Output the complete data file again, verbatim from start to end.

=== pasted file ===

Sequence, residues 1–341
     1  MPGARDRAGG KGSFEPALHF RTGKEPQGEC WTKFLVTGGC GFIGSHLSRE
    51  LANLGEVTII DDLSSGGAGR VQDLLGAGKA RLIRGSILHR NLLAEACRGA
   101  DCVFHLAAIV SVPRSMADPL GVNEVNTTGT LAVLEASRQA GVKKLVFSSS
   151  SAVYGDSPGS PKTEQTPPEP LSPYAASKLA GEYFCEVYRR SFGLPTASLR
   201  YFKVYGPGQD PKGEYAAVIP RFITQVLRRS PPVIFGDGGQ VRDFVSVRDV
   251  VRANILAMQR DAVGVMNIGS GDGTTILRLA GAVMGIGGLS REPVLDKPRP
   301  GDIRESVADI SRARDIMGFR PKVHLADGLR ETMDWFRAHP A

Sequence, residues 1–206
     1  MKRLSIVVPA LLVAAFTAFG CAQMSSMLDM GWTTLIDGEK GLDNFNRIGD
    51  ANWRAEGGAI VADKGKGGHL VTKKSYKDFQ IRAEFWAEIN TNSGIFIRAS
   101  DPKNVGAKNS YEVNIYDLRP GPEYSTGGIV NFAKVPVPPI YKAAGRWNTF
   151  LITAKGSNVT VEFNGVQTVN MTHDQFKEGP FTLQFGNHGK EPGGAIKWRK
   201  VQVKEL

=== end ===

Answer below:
Sequence, residues 1–341
     1  MPGARDRAGG KGSFEPALHF RTGKEPQGEC WTKFLVTGGC GFIGSHLSRE
    51  LANLGEVTII DDLSSGGAGR VQDLLGAGKA RLIRGSILHR NLLAEACRGA
   101  DCVFHLAAIV SVPRSMADPL GVNEVNTTGT LAVLEASRQA GVKKLVFSSS
   151  SAVYGDSPGS PKTEQTPPEP LSPYAASKLA GEYFCEVYRR SFGLPTASLR
   201  YFKVYGPGQD PKGEYAAVIP RFITQVLRRS PPVIFGDGGQ VRDFVSVRDV
   251  VRANILAMQR DAVGVMNIGS GDGTTILRLA GAVMGIGGLS REPVLDKPRP
   301  GDIRESVADI SRARDIMGFR PKVHLADGLR ETMDWFRAHP A

Sequence, residues 1–206
     1  MKRLSIVVPA LLVAAFTAFG CAQMSSMLDM GWTTLIDGEK GLDNFNRIGD
    51  ANWRAEGGAI VADKGKGGHL VTKKSYKDFQ IRAEFWAEIN TNSGIFIRAS
   101  DPKNVGAKNS YEVNIYDLRP GPEYSTGGIV NFAKVPVPPI YKAAGRWNTF
   151  LITAKGSNVT VEFNGVQTVN MTHDQFKEGP FTLQFGNHGK EPGGAIKWRK
   201  VQVKEL